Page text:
Matt Smith (2010 to ?)

Doctor Who The Eleventh Doctor Reviews

David Tennant (2005 to 2010)

  Doctor Who The Tenth Doctor Reviews

Christopher Eccleston (2005)

Doctor Who The Ninth Doctor Reviews


Paul McGann (1996)

  Doctor Who The Eighth Doctor Reviews

Sylvester McCoy (1987 to 1996)

  Doctor Who The Seventh Doctor Reviews

Colin Baker (1984 to 1986)

  Doctor Who The Sixth Doctor Reviews

Peter Davison (1981 to 1984)

 Doctor Who The Fifth Doctor Reviews

Tom Baker (1974 to 1981)

  Doctor Who The Fourth Doctor Reviews

Jon Pertwee (1970 to 1974)

  Doctor Who The Third Doctor Reviews

Patrick Troughton (1966 to 1969)

 Doctor Who The Second Doctor Reviews

William Hartnell (1963 to 1966)

Doctor Who The First Doctor Reviews


Starring Geoffrey Bayldon, David Warner, David Collings, Michael Jayston, Sir Derek Jacobi, Arabella Weir, Richard E Grant, & Trevor Martin

Doctor Who Unbound Reviews






Starring John Barrowman & Eve Myles

Torchwood Reviews


Starring Elisabeth Sladen and John Leeson   Starring Elisabeth Sladen

The Sarah Jane Adventures Reviews


Starring Lisa Bowerman

Bernice Summerfield Reviews


Starring Sarah Mowat, Mark McDonnell, Gareth Thomas, David Tennant & Noel Clarke

Dalek Empire Reviews


Starring Katy Manning

Iris Wildthyme Reviews


Starring Terry Molloy

I, Davros Review







After being a little disenchanted with last week’s dawd-ling, introductory instalment, I’m pleased to report that Cold Blood is an altogether different animal. Where The Hungry Earth was sluggish, Cold Blood is fast as lightening. Where The Hungry Earth was conventional and conservative, Cold Blood is pioneering and provocative...






The Doctor Who Project is the multiple award winning Doctor Who fan fiction series that follows the adventures of an alternate Doctor and his companions. Stories are published as part of an overall season that sees the Doctor face new and original situations in time and space. The penultimate story of Season 37 has been penned by our long-standing contributor Daniel Tessier, and can be downloaded from The Doctor Who Project website by clicking the link below.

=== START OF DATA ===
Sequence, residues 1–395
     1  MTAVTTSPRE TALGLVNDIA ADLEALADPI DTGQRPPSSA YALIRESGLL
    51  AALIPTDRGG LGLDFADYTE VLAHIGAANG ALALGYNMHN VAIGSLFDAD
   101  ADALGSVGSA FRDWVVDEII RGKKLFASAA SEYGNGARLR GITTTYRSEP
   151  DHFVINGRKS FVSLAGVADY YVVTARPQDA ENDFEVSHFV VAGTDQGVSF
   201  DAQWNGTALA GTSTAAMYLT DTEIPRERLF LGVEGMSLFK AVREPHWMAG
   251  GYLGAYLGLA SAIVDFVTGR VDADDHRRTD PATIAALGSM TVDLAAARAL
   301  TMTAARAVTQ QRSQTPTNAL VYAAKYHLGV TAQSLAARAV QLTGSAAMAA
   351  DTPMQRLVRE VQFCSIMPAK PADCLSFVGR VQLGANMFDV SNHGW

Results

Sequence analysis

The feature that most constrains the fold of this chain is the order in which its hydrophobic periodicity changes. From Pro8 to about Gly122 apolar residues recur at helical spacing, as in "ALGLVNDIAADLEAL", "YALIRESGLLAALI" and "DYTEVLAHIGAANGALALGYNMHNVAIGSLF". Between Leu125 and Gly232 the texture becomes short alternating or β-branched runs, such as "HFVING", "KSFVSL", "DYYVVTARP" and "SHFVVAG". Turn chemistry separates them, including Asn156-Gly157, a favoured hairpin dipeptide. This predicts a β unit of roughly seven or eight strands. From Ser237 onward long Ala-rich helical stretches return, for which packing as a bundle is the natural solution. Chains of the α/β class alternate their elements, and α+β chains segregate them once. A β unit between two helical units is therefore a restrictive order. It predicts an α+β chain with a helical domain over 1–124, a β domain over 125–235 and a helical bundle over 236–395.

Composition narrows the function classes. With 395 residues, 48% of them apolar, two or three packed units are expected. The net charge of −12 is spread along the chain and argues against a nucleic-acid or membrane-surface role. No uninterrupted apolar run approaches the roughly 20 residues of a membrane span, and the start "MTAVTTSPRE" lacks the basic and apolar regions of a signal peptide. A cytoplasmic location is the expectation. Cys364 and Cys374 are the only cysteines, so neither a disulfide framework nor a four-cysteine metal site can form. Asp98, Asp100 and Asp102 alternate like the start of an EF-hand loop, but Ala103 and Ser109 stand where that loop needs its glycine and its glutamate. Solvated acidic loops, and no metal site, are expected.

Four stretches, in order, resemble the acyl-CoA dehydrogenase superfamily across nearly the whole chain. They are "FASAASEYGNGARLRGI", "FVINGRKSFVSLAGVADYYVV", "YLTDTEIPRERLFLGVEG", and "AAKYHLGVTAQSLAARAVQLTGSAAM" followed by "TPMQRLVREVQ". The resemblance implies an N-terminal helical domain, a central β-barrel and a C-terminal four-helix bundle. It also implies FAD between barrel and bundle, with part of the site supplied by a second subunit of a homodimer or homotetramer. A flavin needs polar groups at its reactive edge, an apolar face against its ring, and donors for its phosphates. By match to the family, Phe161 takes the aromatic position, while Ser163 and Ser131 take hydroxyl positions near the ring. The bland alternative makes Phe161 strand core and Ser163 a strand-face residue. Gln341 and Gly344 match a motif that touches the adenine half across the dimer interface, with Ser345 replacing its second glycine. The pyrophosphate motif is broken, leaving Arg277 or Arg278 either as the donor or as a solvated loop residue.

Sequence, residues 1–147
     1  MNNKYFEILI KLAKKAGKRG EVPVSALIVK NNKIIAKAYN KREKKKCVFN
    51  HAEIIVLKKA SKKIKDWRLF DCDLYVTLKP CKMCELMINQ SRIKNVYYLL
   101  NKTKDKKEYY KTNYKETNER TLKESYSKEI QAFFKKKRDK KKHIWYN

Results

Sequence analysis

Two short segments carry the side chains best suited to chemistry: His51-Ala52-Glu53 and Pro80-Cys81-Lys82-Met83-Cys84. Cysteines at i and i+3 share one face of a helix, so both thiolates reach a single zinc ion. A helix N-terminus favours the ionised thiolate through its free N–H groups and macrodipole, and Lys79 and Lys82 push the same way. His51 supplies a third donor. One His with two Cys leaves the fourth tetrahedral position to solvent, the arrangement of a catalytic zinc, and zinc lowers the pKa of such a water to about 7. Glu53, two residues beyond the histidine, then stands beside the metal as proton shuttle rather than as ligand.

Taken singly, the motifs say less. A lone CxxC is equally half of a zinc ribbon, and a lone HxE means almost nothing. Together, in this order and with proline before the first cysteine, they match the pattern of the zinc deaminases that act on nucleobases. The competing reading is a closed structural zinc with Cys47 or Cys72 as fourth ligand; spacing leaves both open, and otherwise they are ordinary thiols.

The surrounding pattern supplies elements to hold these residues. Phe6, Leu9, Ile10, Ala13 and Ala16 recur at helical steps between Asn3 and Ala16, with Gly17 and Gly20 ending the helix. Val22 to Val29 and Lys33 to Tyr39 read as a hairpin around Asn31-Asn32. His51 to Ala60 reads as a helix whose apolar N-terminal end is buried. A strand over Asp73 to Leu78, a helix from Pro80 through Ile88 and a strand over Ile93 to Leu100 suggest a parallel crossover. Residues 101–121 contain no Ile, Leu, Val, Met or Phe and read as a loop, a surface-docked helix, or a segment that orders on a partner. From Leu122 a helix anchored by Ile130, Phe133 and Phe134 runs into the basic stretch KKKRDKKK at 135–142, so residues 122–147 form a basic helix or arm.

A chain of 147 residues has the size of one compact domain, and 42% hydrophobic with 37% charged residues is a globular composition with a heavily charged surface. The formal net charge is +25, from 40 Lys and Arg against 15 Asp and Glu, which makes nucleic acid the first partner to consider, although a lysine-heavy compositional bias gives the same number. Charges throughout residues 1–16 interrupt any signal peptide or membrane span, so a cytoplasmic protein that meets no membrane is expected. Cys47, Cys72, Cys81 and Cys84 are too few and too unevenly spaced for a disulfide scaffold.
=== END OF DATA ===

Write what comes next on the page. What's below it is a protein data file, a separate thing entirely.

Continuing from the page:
The Doctor, Rory and Amy materialise in a Welsh mining village where they are drilling into the centre of Earth and the inhabitants are being dragged under the earth, Frontios-style. There they uncover a clan of Silurians wherein one of the...






After the twisting, temporal majesty of Unnatural Hist-ory, David A McIntee brings us right back down to Earth with Autumn Mist – a novel that couldn’t have been any more different to its predecessor. A pseudo-historical jaunt set during the Battle of the Bulge, Autumn Mist is sodden with the author’s customary level of historic detail, but lacking...






What troubled me going into Paradise 5 was the fact th- at it had been dropped in favour of Terror of the Vervoids - one of my least favourite Doctor Who stories in any medium. Some-one, somewhere must have made the call that Pip and Jane Baker could produce something better than PJ Hammond’s story, and this “something better” ultimately proved to be one of the series’ lowest points. This being the case, how could Para-dise 5 possibly be worth its salt?









'Help us be whole,' its voice writhed. 'Make us unending.'


January 2037.

A new miracle drug, donepezil endochloride, is made available to practitioners specialising in dementia care.

The drug is the first medicine ever to effectively halt the progression of the disease.


February 2037.

In care homes across the country, a number of people with dementia begin to die in extraordinary circumstances.

Post-mortem investigations suggest that in each case, something has burrowed its way out of the victims' brains.


March 2037.

Isaac Foreman is brought the Shoreditch Respite Centre by his "grandchildren", Steven and Dodo.


April 2037.

Isaac Foreman disappears…


Featuring the first Doctor, this short story takes place between the TV stories The Ark and The Celestial Toymaker.







What I really love about Series 5 is that Steven Moffat is really trying to make each episode very different. It reminds me of is the series’ first three seasons, where the producers deliberately plotted their years with stories that went backwards, forwards and sideways. Amy’s Choice is a really good...